The virtual explosion in Texas’ production of natural gas and oil, thanks to fracking, caught even Citigroup off-guard. In February it apologized for so widely missing the mark in its report the previous year entitled “Energy 2020: Independence Day”:
Momentum toward North American energy independence accelerated last year  well beyond the wildest dreams of any analyst and well above the forecast we made in our first [report] entitled “Energy 2020: North America, the New Middle East?”…
So far, the results have been stunning … In the decade through last year … natural gas use … grew by a phenomenal 47%, ending coals’ century-long domination…
Starting this year, North American output should start to have a tangible effect both on global prices and trading patterns and will eventually turn the global geopolitics of energy on its head.
In their update due next February another apology will likely be forthcoming from the company’s next report: “Saudi Texas” has broken nearly every production record just since the first of the year, and it appears to have every opportunity to continue to do so into the foreseeable future.
For instance, this September saw Texas pump an average of 2.7 million barrels of crude oil every day, “the highest daily oil output in the Lone Star State in any single month since at least January 1981,” according to energy analyst and economist Mark Perry. Oil production in Texas has more than doubled in less than three years, with both the Eagle Ford and the Permian Basin formations generating a million barrels every day. There are only nine other oil fields in history that have produced that much.
Perry pointed out:
In mid-2009, Texas was producing less than 20% of America’s domestic crude oil. The recent gusher of unconventional oil being produced in the Eagle Ford Shale and Permian Basin oil fields of Texas, thanks to breakthrough drilling technologies, has recently pushed the Lone Star State’s share of domestic crude oil above 30% in each of the last 17 months, and all the way up to 35% of America’s crude output in both August and September.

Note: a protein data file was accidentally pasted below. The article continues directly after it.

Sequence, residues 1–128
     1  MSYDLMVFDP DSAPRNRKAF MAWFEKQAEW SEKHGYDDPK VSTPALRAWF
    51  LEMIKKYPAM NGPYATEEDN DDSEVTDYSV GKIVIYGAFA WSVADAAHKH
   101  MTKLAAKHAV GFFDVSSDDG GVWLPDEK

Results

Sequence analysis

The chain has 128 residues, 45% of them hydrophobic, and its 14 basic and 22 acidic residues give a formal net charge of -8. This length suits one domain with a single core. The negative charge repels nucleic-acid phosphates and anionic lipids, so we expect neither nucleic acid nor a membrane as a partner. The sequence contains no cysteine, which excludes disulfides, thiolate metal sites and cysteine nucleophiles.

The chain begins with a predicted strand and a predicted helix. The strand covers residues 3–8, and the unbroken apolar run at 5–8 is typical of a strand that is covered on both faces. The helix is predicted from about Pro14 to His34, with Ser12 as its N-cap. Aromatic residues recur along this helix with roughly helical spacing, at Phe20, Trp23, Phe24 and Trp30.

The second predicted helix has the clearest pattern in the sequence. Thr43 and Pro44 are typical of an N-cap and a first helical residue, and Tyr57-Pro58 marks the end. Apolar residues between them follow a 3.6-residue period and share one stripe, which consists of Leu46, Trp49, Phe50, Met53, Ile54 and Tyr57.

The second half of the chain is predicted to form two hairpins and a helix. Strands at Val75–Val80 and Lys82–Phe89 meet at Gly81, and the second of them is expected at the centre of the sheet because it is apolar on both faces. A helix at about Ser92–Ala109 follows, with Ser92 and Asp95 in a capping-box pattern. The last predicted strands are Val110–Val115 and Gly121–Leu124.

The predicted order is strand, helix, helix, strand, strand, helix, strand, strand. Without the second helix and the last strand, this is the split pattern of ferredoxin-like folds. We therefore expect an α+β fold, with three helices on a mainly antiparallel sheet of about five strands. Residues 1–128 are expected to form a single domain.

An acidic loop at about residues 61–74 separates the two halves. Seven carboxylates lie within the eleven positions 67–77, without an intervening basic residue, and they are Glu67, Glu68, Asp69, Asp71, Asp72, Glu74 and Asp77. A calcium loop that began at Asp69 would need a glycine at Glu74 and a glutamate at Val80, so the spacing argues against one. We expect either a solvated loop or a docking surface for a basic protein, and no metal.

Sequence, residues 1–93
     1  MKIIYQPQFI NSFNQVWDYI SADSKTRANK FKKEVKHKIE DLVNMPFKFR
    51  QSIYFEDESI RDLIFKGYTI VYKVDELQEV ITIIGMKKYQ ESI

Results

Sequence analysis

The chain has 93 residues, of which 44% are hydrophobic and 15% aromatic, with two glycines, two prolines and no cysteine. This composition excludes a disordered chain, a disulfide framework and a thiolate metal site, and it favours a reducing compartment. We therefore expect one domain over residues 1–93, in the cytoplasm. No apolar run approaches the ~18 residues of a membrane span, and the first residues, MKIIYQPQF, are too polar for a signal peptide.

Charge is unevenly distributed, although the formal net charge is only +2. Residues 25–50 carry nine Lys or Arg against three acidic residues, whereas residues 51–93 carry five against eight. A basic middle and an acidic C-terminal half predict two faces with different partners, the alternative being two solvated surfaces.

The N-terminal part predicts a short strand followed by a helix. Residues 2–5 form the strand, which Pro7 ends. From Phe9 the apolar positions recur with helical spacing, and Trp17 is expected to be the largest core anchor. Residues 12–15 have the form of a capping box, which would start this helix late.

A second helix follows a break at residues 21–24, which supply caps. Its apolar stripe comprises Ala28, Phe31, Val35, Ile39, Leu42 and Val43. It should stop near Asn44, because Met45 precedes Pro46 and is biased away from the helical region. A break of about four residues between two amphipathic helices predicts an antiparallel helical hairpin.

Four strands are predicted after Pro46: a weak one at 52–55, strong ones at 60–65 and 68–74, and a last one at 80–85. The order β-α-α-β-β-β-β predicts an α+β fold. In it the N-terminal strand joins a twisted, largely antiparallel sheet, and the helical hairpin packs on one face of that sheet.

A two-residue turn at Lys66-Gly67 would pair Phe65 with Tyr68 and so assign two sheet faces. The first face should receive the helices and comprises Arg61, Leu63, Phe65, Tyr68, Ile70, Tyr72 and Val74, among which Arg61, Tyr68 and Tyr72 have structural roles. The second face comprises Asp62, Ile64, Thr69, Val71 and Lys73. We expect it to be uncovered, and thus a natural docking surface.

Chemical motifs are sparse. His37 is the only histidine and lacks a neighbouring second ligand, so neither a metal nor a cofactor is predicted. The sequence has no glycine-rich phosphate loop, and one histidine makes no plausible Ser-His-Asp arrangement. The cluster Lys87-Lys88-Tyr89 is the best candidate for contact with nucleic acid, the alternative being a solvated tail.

The prodigious production now puts Texas in the top ten of oil-producing nations in the world, just slightly behind Kuwait. There are 1,000 new jobs being created in Texas every day and at the current rate of increase, Texas’ production of crude oil is expected to exceed 3 million barrels per day early next year, and 4 million less than a year later. As Perry noted:
With those projected increases in Texas output, the state could soon surpass Kuwait, United Arab Emirates (UAE), Iraq, Iran and even Canada to move up in the international production rankings to become the world’s No. 5 or No. 6 oil producer within the next few years.
And that’s just Texas. Similar numbers are coming in from the Bakken oil fields in North Dakota, along with increases elsewhere in the country. Just to put things into perspective, at its peak, Prudhoe Bay produced 1.5 million barrels per day.
The impact of such remarkable development in the oil patch extends from Midland, Texas, the epicenter of Texas’ oil fields, all the way to the Persian Gulf and the Hormuz Strait. Midland now enjoys the lowest unemployment rate in the country and one of the highest per-capita incomes in the country. News of a 53-story skyscraper – the tallest between Houston and Los Angeles – has just been announced.
The Texas gusher is helping to keep gas prices low while changing liberals’ minds. Amy Myers Jaffe provides a perfect example. The Executive Director of Energy and Sustainability at the University of California, Davis, Jaffe has spent most of her life promoting the austerity lifestyle through federal mandates necessary to keep from running out of oil. Following President George Bush’s State of the Union address in 2006, Jaffe appeared on a panel to discuss Bush’s speech. She confirmed her position as a statist and interventionist when she said:
You have to remember … we could reduce our full dependence on oil from Saudi Arabia just by closing the loophole and requiring light trucks and SUVs to get the same mileage as sedans…